In the Ḥasidic circles from which the apocalyptic literature emanated and where all angelologic and demonologic lore was faithfully preserved, Belial held a very prominent position, being identified altogether with Satan. In the Book of Jubilees (i. 20), Belial is, like Satan, the accuser and father of all idolatrous nations: “Let not the spirit of Belial [“Beliar” corrupted into “Belhor”] rule over them to accuse them before thee.” The uncircumcised heathen are “the sons of Belial” (ib. xv. 32). In the Testaments of the Twelve Patriarchs, Belial is the archfiend from whom emanate the seven spirits of seduction that enter man at his birth (Reuben ii.; Levi iii.; Zebulun ix.; Dan. i.; Naphtali ii.; Benjamin vi., vii.), the source of impurity and lying (Reuben iv., vi.; Simeon v.; Issachar vi.-vii.: Dan. v.; Asher i., iii.), “the spirit of darkness” (Levi xix.; Joseph vii., xx.). He will, like Azazel in Enoch, be opposed and bound by theMessiah (Levi xviii.), “and cast into the fire forever” (Judah xxv.); “and the souls captured by him will then be wrested from his power.” In the Ascensio Isaiæ, Belial is identified with Samael (Malkira [Dan. v.]; possibly Malak ra = the Evil Angel [i. 9]), and called “the angel of lawlessness”—”the ruler of this world, whose name is Matanbuchus” (a corrupt form of “Angro-mainyush” or Ahriman?) (ii. 4). In Sibyllines, iv. 2 (which part is of Christian origin) Belial descends from heaven as Antichrist and appears as Nero, the slayer of his mother. In the Sibyllines, iii. 63 (compare ii. 166) Belial is the seducer who, as the pseudo Messiah, will appear among the Samaritans, leading many into error by his miraculous powers, but who “will be burned up by heavenly fire carried along by the sea to the land [an earthquake?] to destroy his followers,” “at the time when a woman [Cleopatra] will rule over the world.”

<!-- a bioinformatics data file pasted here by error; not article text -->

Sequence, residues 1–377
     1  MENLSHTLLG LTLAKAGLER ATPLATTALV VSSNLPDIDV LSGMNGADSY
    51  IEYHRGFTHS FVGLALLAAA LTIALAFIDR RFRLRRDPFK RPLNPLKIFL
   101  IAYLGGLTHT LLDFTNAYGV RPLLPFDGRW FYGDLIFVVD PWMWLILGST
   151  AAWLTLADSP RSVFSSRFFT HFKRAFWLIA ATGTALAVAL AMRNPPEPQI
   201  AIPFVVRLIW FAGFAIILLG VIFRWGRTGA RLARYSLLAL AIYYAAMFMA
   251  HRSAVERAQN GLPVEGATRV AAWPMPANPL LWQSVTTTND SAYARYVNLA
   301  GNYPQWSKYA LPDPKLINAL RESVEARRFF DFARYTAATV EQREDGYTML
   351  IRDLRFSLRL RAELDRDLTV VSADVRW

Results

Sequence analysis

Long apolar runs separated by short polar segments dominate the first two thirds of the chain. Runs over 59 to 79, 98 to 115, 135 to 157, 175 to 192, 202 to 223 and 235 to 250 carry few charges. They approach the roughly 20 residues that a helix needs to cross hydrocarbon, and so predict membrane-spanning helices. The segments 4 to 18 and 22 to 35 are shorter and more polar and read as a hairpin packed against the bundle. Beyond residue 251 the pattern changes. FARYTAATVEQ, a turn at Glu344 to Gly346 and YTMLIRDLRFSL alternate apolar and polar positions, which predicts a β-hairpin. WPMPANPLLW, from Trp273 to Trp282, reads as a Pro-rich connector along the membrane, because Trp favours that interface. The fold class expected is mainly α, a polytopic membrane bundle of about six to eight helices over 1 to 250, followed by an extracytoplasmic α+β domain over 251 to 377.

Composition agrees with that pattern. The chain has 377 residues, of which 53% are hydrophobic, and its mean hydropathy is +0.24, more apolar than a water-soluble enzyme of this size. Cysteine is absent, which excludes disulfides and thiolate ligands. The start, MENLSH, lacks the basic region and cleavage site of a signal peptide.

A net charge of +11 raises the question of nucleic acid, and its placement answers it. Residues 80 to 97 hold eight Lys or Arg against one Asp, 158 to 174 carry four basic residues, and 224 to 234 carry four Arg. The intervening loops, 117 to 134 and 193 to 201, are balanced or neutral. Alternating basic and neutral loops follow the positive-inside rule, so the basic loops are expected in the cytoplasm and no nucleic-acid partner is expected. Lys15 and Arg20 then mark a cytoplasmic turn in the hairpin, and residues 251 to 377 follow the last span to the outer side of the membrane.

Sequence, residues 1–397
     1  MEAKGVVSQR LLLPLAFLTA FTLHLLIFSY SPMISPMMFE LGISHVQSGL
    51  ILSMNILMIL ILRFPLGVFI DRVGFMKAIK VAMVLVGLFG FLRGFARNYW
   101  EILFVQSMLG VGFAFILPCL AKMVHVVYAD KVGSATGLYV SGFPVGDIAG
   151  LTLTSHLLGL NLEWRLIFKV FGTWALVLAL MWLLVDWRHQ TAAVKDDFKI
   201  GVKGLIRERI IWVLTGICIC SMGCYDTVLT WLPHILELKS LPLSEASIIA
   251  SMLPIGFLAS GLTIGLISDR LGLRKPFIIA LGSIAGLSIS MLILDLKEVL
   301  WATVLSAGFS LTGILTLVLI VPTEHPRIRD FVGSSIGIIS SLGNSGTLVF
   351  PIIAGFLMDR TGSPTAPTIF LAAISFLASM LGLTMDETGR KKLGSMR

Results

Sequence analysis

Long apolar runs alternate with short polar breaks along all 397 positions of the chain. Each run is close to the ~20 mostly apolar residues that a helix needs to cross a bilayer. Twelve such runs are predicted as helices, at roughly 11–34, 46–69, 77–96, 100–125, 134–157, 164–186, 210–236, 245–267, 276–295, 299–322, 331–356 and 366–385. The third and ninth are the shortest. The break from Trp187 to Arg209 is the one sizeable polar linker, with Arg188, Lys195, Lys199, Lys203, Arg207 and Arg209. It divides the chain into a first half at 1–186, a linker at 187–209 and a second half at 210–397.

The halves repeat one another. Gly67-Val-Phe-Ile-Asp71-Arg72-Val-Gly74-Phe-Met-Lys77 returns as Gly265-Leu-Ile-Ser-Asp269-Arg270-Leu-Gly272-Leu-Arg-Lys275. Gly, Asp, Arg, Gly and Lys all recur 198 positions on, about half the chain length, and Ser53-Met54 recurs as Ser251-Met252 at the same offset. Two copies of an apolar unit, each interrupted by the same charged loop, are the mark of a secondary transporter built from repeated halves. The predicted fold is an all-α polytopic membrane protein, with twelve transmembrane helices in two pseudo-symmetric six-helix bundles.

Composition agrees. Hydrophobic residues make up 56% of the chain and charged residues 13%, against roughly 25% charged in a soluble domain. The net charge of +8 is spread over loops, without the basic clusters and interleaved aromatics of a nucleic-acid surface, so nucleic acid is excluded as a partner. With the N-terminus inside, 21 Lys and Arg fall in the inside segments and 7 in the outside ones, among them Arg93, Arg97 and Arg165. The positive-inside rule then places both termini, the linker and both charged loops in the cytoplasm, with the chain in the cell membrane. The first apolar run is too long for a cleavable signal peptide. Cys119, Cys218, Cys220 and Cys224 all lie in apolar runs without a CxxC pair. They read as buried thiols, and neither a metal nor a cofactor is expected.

In regard to the meaning and etymology of the word “Belial” there has always been a wide difference of opinion. The Septuagint, in translating it “lawlessness”—ἀνόμημα (Deut. xv. 9), ἀνομία (II Sam. xxii. 5), or παράνομος (Deut. xiii. 14; Judges xix. 22; and elsewhere)—follows a rabbinical tradition which interpreted it as “beli ‘ol” the one who has thrown off the yoke of heaven (Sifre, Deut. 93; Sanh. 111b; Midr. Sam. vi.; Yalḳ. to II. Sam. xxiii. 6; so also Jerome on Judges xix. 22, “absque jugo.” Belial was accordingly considered the opponent of the rule of God; that is, Satan, or the antagonist of God (see Antichrist). Aquilas (LXX., I Kings xxi. 13) translates it ἀποστασία = sedition, in the same manner that the “naḥash bariaḥ,” or dragon ( = Satan), is described as the apostate. The various modern etymologies, taking the word as a combination of “beli yo’il” (without worth) (Gesenius), or of “beli ya’al” (never to rise)—that is, never to do well (Ibn Ezra, Lagarde, Hupfeld, Fürst)—are alike rejected by Moore as extremely dubious (commentary to Judges, p. 419). Theodotion to Judges xx. 13, Ibn Ezra (Deut. xv. 9), and so Luther and the A. V. occasionally take Belial as a proper noun. It was Bäthgen (commentary to Ps. xviii. 5) who first translated Belial, “the land from which there is no return,” and then Cheyne (in “Expositor,” 1895, pp. 435-439, and in the “Encyc. Bibl.” s. v. “Belial”). They proved it to be the exact equivalent of the Assyrian “matu la tarat” (the land without return). Tiamat, the dragon of the abyss, having been identified with Satan, thus gave rise to the various uses of the word, and the legends of Belial Antichrist. Baudissin, in Hauck-Herzog’s “Realencyklopädie,” s. v., still takes a skeptical attitude as to the mythical character of Belial in the Old Testament, without, however, explaining the peculiar history of the word. Compare Satan.